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Cycling Funding Infrastructure Walking

None of High Peak MP’s claimed £1.7m for ‘local cycling’ to be spent in High Peak

Robert Largan's parliamentary portrait superimposed on the skyline of Chesterfield with its famous crooked church spire.
High Peak MP Robert Largan and the town of Chesterfield (photo: Flickr).

When Robert Largan claimed on his Facebook page and a local media column last November that “after extensive lobbying” he had secured a £1.7 million investment in “local cycling and walking”, he was sadly being somewhat loose with the truth: it has now been confirmed his own High Peak constituency won’t receive a single penny from the money given to Derbyshire.

The Conservative MP for High Peak‘s claims fell on two counts. For one thing, the amount each local authority would receive from the second phase of the Emergency Active Travel Fund had already long been fairly clearly dictated by the Department for Transport.

It is highly unlikely Mr Largan’s lobbying, if he did indeed lobby the department, solicited any increase in funding — especially as the whole county of Derbyshire received £1.7m in the second round compared to Greater Manchester’s whopping £15.8m. Neighbouring Staffordshire received a comparable £1.8m. Great work, Robert.

Secondly, it was already well known as far back as September — and as reported on this very blog — that Derbyshire County Council had earmarked, yes, £1.7m, for a single scheme in Chesterfield. (I recently queried this, just to make sure, and the council confirmed yes, that is where the money Mr Largan claims credit for is going.)

Screenshot from the Robert Largan MP Facebook page, stating "EXTRA £1.7 MILLION FOR LOCAL CYCLING & WALKING. I’m really pleased to report that, after extensive lobbying, Derbyshire is set to receive an additional £1.7million from the Government’s Active Travel Fund, designed to create safe spaces for cycling and walking."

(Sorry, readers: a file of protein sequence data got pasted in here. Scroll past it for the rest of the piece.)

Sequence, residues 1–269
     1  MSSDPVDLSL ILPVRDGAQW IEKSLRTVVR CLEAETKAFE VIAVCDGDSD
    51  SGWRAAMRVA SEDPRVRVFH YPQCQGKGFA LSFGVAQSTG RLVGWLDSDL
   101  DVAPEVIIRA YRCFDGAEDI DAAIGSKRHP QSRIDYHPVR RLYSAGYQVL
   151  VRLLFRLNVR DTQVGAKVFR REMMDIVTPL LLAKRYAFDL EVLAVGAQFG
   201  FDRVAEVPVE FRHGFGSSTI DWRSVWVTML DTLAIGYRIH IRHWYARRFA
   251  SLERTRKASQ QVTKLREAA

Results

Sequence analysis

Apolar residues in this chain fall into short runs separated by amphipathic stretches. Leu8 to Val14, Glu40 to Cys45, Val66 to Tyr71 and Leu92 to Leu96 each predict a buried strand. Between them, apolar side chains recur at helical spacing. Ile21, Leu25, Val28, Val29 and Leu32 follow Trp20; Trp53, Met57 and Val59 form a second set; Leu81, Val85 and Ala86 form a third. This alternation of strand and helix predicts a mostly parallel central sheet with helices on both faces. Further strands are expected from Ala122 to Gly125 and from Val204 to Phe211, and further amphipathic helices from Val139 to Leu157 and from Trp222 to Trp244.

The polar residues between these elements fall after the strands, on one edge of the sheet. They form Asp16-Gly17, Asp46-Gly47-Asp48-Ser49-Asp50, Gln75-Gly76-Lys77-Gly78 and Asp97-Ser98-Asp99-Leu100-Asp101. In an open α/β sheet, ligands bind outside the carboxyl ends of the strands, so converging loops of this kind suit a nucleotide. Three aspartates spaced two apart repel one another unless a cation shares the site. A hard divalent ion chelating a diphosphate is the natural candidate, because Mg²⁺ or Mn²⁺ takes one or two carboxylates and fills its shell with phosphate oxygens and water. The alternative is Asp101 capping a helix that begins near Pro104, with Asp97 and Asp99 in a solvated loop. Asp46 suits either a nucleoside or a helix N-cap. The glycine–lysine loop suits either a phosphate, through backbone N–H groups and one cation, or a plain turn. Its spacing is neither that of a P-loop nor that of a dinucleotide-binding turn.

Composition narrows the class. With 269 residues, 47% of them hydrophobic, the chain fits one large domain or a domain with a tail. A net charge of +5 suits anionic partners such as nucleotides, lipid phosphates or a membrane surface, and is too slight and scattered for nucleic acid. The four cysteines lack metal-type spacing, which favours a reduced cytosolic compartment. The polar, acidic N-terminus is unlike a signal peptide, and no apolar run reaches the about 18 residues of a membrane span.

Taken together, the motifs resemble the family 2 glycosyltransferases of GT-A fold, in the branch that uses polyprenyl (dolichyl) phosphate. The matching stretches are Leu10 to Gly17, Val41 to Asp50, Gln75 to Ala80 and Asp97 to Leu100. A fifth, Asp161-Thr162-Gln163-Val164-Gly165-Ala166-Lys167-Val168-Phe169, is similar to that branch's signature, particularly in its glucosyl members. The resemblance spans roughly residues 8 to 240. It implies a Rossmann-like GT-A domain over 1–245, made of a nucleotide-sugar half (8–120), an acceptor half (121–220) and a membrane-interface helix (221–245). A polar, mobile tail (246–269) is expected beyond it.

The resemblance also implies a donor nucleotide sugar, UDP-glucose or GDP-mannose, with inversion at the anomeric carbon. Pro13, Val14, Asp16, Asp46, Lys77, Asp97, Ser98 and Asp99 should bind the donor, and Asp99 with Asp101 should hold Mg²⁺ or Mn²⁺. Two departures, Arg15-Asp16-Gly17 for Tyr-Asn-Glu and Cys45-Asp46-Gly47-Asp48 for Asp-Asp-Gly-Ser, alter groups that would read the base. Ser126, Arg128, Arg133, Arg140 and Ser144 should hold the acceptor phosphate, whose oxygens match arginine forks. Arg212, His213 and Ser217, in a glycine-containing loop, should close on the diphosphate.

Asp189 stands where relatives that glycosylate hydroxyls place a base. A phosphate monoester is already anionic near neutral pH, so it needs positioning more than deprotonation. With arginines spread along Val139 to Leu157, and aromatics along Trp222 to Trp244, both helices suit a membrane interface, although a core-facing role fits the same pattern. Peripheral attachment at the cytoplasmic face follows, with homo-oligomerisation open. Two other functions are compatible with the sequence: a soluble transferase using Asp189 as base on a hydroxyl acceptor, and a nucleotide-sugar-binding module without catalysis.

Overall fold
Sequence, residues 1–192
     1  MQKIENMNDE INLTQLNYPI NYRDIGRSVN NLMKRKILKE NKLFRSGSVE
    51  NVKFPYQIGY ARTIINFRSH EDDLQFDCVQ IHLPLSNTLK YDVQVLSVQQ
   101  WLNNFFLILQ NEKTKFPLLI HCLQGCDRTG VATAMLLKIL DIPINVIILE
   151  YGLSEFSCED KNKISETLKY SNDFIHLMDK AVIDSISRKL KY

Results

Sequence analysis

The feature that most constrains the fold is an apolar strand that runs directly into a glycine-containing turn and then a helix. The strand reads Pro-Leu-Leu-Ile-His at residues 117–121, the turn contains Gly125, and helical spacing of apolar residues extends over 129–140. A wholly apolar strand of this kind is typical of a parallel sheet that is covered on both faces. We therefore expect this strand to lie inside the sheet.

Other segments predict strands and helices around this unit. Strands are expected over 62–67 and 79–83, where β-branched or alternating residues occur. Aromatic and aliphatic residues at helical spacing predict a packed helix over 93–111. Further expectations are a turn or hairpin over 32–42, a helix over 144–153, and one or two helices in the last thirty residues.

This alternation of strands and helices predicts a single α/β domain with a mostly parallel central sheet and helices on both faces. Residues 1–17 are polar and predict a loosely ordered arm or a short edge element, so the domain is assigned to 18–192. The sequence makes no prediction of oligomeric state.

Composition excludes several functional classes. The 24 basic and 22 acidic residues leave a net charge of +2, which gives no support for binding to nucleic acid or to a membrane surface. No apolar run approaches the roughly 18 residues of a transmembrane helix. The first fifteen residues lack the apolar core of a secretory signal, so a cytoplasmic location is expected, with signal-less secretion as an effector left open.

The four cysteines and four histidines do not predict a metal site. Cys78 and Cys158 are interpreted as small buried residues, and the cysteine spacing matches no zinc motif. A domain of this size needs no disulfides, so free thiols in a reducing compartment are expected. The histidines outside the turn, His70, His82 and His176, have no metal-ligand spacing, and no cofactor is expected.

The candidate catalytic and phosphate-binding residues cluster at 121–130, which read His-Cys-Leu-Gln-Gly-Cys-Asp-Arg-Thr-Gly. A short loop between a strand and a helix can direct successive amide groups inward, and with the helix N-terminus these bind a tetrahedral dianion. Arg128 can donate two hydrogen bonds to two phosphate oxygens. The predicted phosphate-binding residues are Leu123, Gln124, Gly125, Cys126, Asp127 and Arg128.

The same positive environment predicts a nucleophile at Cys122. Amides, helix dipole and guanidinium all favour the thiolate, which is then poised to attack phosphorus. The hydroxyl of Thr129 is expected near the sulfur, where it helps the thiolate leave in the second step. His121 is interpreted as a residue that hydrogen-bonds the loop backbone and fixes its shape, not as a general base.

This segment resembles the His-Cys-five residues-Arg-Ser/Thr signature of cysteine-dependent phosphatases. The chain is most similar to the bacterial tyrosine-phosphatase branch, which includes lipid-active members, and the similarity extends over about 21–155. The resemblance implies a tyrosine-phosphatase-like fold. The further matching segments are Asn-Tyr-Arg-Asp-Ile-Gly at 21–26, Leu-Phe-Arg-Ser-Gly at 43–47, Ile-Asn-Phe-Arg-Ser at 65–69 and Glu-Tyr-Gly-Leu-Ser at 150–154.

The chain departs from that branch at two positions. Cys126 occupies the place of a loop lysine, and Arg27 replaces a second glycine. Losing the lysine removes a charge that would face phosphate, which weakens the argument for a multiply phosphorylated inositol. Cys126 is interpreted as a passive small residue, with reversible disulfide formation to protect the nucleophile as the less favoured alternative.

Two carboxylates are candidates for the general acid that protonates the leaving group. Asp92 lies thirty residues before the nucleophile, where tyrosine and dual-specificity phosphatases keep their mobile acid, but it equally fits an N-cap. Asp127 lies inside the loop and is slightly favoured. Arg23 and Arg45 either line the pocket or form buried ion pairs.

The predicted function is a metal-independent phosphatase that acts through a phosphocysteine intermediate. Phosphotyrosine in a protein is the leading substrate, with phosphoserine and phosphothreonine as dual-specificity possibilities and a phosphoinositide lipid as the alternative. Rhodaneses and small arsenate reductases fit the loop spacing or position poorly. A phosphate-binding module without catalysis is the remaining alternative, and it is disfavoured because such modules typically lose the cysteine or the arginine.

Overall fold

Screenshot from the Robert Largan MP Facebook page.

In fairness, when Mr Largan suggested to his 4,000+ Facebook followers two months later, in November 2020, that the money “could be used to fund measures such as School Streets, Low Traffic Neighbourhoods and segregated cycle lanes” he wasn’t entirely wrong — it just wouldn’t be in his own constituency. Or even within ten miles of it (even Bury South is closer to the High Peak).

The Chesterfield scheme looks good — for Chesterfield. Yet it’d be surprising if anyone who lives in the High Peak could ever benefit from it, as the two areas are so disconnected for cycling by the landscape of the Peak District.

We shouldn’t begrudge the town with the crooked spire securing the funding, either, but ask how on earth a paltry £1.7m was ever meant to make the slightest dent in a county the size of Derbyshire.

Robert Largan MP and two friends on a High Peak hilltop, turned away from camera looking into the distance.
“Look guys, we can almost see Chesterfield.” Image: Robert Largan MP, Twitter

Mr Largan went on to brag that the government has “pledged a record £2 billion investment to double cycling and increase walking by 2025”, yet then reduced even this figure to irrelevance by saying it “comes on top of more than £27 billion that will be invested in England’s roads over the next five years”.

Perhaps, if this ever-boasting MP did a bit of “lobbying” to switch some of that obscenely unnecessary roads budget into cycling and walking, his dear High Peak might actually get a pound or two?

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About Peaks & Puddles

Hello, I'm Anthony. I started Peaks & Puddles to chart the ups and downs of cycling and walking the edges of the Peak District around Buxton, Macclesfield and Stockport, and to help more people explore this brilliant landscape between town and country. Find out more about me and Peaks & Puddles here.